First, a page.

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  29. Science and Ethics: Toward a Theory of Ethical Value.John R. Welch - 1994 - Journal for General Philosophy of Science / Zeitschrift für Allgemeine Wissenschaftstheorie 25 (2):279 - 292.
    This article sketches descriptive and normative components of a theory of ethical value. The normative component, which receives the lion’s share of attention, is developed by adapting Laudan’s levels of scientific discourse. The resulting levels of ethical discourse can be critically addressed through the use of inductive inference, falsification, and causal inference. These techniques are likewise appropriate to the corresponding levels of scientific discourse.
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  30.  53
    The Art and Logic of Ramon Llull: A User's Guide. [REVIEW]John R. Welch - 2009 - Journal of the History of Philosophy 47 (2):pp. 313-314.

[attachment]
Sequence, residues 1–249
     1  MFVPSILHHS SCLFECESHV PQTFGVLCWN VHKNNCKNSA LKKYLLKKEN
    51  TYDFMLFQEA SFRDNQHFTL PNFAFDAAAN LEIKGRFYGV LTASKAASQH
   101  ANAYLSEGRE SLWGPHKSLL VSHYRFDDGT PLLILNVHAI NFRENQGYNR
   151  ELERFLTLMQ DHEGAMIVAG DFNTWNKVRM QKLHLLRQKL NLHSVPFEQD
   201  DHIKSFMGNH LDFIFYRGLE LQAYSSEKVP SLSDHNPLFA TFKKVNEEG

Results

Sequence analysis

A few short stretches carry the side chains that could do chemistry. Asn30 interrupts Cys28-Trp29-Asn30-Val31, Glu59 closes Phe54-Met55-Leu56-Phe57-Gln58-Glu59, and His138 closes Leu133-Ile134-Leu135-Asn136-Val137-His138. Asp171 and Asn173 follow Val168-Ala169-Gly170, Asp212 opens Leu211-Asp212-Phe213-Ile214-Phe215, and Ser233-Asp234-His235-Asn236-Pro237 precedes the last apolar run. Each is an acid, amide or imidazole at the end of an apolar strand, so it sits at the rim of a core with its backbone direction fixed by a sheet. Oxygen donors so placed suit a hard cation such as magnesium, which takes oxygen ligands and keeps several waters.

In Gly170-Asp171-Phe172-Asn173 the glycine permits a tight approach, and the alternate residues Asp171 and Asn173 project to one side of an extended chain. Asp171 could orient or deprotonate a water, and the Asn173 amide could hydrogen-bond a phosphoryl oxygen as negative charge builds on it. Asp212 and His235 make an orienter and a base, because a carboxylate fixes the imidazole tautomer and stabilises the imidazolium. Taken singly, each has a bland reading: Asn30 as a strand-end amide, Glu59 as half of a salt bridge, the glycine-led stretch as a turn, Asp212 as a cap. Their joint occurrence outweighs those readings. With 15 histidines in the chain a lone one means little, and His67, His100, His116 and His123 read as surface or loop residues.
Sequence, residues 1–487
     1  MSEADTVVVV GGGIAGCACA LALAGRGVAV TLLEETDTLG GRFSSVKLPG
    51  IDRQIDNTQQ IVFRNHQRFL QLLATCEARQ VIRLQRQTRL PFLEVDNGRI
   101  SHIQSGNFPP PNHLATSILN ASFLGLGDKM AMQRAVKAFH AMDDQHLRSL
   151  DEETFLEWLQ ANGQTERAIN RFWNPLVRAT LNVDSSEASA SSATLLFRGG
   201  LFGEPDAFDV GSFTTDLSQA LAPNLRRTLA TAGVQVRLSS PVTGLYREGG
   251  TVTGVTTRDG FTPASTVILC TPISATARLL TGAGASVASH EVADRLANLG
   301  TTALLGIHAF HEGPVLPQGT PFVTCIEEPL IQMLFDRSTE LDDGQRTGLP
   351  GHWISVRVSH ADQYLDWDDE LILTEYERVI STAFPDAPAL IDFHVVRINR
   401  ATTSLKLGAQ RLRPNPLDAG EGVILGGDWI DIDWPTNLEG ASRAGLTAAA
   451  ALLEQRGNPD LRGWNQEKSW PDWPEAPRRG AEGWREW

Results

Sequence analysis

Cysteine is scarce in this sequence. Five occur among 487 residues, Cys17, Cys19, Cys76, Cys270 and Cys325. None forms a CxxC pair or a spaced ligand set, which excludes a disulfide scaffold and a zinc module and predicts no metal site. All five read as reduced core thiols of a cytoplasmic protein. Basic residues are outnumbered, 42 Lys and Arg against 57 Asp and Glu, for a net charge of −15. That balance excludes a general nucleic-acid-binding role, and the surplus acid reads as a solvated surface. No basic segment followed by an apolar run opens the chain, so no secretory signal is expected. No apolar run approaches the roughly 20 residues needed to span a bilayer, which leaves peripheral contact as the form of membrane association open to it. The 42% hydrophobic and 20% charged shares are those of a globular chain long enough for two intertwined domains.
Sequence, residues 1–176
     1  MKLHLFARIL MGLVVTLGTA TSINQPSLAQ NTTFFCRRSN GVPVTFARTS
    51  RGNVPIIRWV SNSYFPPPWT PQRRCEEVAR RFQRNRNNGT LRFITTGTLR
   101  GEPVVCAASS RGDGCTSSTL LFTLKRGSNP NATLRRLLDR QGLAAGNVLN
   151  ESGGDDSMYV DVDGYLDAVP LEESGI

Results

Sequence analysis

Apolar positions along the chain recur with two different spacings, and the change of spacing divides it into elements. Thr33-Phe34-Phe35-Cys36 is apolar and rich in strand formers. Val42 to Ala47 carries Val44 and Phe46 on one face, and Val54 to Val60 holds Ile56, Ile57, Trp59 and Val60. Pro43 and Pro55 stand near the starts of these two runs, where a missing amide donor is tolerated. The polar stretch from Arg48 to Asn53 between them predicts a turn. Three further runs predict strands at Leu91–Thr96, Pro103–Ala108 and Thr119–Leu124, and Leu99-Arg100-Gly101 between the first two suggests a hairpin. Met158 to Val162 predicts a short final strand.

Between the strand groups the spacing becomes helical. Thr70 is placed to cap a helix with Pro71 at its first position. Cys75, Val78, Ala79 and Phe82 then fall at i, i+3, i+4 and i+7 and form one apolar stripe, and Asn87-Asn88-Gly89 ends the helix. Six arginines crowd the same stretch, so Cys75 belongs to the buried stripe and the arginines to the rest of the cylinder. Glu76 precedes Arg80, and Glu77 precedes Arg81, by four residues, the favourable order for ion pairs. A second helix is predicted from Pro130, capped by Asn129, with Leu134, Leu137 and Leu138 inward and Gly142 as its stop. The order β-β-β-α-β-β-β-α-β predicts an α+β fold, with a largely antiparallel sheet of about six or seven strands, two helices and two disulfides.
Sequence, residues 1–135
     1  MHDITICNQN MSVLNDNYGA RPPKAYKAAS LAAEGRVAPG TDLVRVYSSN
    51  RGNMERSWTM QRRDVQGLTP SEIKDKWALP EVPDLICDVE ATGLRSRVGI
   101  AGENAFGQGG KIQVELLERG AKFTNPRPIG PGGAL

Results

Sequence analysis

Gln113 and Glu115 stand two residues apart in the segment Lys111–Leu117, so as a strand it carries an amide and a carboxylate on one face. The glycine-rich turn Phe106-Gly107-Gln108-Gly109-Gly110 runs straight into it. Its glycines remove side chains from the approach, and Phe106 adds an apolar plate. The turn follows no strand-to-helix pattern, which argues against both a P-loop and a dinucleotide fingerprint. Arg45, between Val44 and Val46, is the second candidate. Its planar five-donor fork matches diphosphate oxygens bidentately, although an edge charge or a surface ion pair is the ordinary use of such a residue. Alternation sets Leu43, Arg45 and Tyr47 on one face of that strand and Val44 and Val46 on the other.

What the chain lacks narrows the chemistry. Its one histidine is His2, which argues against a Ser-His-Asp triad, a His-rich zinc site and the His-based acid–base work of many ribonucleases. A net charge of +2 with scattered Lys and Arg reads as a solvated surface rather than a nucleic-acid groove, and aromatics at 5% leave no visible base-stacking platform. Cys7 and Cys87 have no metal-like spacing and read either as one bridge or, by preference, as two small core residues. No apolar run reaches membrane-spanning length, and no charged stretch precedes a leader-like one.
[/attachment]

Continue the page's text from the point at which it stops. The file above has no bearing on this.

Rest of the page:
Ramon Llull was acutely aware of Islamic and Jewish divergences from Christian belief. He undertook a quest for "necessary reasons" to show that, where these belief systems diverged, Christian belief is true. Though largely self-taught, Llull managed three stays at the University of Paris. Encounters between the incandescent Mallorcan and academic orthodoxy contributed hugely to Llull's changing conception of necessary reasons. These changes are abundantly documented in Anthony Bonner's The Art and Logic of Ramon Llull.Llull's understanding of necessary reasons is (...)